This procedure is to calculate the sample size required for estimating a prevalence, incidence or other proportion like estimator. It can be used for simple random designs but also to estimate the sample size required for a two stage cluster design.

For estimating the confidence interval around a prevalence use the One Mean procedure .

For comparing two prevalences use the T-test procedure.

Place values in the boxes: "Expected Proportion" and "Width of CI" should be proportions, values between zero and one; "Number of Clusters" and "Cases per Cluster" should be integer numbers; "Design Effect" should be a real number which is one or larger and smaller than the total number of cases divided by the number of clusters. You should make "Width of CI", or "Number of Clusters" or "Cases per Cluster" the value zero and a solution will be given for the zero parameter given the values in the other four boxes

Or

For estimating the confidence interval for the binomial proportion without a two stage design. Give a value for "Expected Proportion" and "Width of CI" (both should be proportions, values between zero and one) and leave all the other boxes the value zero for estimating the required number of cases to construct a confidence interval with a particular width. Or give the expected prevalence/proportion and the number of cases in the "Cases per Cluster" box for the resulting width of the confidence interval.

For the simple binomial case give the expected proportion in the top box. Give the width of the confidence interval you want to have in the bottom box. For example, give 0.035 in the first box and 0.01 in the bottom box if you want the resulting confidence interval in a study to be between 0.03 and 0.04. The procedure doesn't require a power, or 1-beta, parameter. Basically the result is that if you use the advised number of cases the resultant parameter will have a confidence interval with a, say, 95% CI range from -0.5*width to +0.5*width, with the parameter value in the middle.

In the two stage design you consider the case in which you first sample clusters, for example, a number of schools are selected randomly, following which you sample "units", a number of pupils are sampled in each school. You should consider the design effect, which is related to the intra-correlation coefficient. Intra-correlation exists when the unit characteristics are dependent to a certain extent on cluster characteristics. This would be the case if, for example, some schools are particularly good, and others particularly bad, at the trait measured with the dependent variable at the level of the pupil. The design effect is defined to be equal to the variance considering a two-stage design divided by the simple random sample variance. In the case of already existing data the design effect can be estimated using a bootstrap resampling procedure or an intra-correlation & variance correction estimation procedure. A further discussion of the issues for these techniques can be found on an article page. The design effect parameter for already existing data can be estimated using the intra-correlation spreadsheet for the single cluster.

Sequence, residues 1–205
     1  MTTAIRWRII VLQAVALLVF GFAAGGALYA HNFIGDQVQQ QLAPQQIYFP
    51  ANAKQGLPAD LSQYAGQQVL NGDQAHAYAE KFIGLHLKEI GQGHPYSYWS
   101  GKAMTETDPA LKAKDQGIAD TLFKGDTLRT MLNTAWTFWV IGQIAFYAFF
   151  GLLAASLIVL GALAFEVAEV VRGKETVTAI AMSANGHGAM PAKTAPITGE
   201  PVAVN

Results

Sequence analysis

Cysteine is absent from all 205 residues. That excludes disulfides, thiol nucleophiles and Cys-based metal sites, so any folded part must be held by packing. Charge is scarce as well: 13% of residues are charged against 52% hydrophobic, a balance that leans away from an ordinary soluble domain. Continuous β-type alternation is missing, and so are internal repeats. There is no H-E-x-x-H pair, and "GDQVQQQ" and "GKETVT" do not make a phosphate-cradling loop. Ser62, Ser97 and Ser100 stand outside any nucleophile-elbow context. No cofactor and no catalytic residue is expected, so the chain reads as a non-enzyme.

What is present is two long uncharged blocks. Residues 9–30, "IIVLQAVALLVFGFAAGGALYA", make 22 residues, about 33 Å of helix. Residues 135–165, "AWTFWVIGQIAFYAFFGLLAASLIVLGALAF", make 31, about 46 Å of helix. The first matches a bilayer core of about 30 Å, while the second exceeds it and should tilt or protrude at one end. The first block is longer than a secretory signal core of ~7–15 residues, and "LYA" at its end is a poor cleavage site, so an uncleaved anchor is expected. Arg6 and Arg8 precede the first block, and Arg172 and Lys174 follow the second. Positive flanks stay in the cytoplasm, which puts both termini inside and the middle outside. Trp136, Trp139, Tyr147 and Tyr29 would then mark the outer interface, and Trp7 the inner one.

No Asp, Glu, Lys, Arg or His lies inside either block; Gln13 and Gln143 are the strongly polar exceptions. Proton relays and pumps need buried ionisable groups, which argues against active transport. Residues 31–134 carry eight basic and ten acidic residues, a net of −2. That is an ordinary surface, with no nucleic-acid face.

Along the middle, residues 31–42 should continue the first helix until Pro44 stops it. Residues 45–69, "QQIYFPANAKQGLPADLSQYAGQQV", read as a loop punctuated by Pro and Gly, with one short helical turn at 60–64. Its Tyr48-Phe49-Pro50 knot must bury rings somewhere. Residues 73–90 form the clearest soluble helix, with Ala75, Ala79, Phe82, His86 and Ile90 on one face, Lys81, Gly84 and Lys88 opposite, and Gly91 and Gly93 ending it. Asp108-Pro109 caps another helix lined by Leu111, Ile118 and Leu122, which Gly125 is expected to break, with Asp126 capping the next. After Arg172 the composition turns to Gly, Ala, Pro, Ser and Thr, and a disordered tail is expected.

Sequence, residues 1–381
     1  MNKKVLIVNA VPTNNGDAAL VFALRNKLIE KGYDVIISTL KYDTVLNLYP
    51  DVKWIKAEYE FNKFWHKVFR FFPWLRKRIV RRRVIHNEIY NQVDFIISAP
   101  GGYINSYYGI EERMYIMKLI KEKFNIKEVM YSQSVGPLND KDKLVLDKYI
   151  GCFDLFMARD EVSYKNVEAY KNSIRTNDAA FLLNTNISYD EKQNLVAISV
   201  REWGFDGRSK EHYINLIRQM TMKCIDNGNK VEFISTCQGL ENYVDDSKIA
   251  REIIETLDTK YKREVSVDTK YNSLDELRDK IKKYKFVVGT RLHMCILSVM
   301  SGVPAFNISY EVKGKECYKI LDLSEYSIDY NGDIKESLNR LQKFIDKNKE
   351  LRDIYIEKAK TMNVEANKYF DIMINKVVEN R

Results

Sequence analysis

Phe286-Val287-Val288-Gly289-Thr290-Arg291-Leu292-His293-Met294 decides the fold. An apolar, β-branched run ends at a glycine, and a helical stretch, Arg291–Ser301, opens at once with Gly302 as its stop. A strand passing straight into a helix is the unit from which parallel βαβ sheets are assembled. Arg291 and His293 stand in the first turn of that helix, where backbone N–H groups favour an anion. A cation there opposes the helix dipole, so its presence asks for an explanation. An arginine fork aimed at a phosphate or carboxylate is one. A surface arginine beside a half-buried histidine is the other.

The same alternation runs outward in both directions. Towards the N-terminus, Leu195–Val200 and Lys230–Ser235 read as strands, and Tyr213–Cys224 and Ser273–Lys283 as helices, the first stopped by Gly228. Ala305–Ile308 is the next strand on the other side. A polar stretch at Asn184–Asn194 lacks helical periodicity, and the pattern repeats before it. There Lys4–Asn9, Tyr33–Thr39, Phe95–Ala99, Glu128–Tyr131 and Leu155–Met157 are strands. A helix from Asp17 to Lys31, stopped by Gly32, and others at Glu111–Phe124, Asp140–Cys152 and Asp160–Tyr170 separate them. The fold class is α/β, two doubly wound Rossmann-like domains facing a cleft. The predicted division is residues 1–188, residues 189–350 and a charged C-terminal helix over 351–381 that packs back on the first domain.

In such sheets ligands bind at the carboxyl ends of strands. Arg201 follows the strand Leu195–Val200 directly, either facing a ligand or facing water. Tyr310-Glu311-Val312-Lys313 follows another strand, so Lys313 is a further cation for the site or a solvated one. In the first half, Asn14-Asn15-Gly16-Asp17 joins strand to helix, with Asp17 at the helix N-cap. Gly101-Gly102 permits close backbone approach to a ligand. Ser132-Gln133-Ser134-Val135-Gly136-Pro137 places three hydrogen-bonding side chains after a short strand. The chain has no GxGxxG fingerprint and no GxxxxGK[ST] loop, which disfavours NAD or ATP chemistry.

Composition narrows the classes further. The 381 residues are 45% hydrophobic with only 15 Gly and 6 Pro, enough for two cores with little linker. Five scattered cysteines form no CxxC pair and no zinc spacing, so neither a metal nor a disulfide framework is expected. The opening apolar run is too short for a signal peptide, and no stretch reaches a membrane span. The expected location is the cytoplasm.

In the case of estimating the number of cases or the number of clusters for sample size calculation, parameters such as the prevalence, the expected proportion and the design effect will have to be estimated on the basis of previous experience. Please note that the design parameter should be larger than one, i.e. the design parameter is one if the number of cases in each cluster equals one, and that the design effect parameter should be no larger than the total number of cases divided by the number of clusters. The number of cases in each cluster should be equal, if that is not the case select a number which is quite close to the minimum number you expect in the clusters (thus: Design effect=N/c whereby N=Mean(small-n)*c). Usually one would expect the design parameter to be relatively close to one in between the limits 1 and N/c.

For the two stage design the program will solve either the number of cases; or the number of clusters; or the width of the resulting confidence interval, **considering** the values in the other four boxes. The parameter you want to solve should be given the value zero, "00.00" in the input boxes.

Machin D, Campbell M, Fayers P, Pinol A. ** Sample size tables for clinical studies, 2nd Edition.** London, Edinburgh, Malden and Carlton: Blackwell Science 1997.

Kumar R, Indrayan A. A nomogram for single-stage cluster-sample surveys in a community for estimation of a prevalence rate. ** Int J Epidemiol** 2002 Apr;31(2):463-7.
->Medline

Limburg H, Kumar R, Indrayan A, Sundaram KR. Rapid assessment of prevalence of cataract blindness at district level. ** Int J Epidemiol** 1997;26(5):1049-54.
->Medline

Please note that this procedure in SISA follows the notation of Machin and Campbell and not the one by Limburg et al and/or Kumar and Indrayan. This is particularly important regarding the so-called "precision" parameter L, which in SISA is defined as the width of the resulting confidence interval.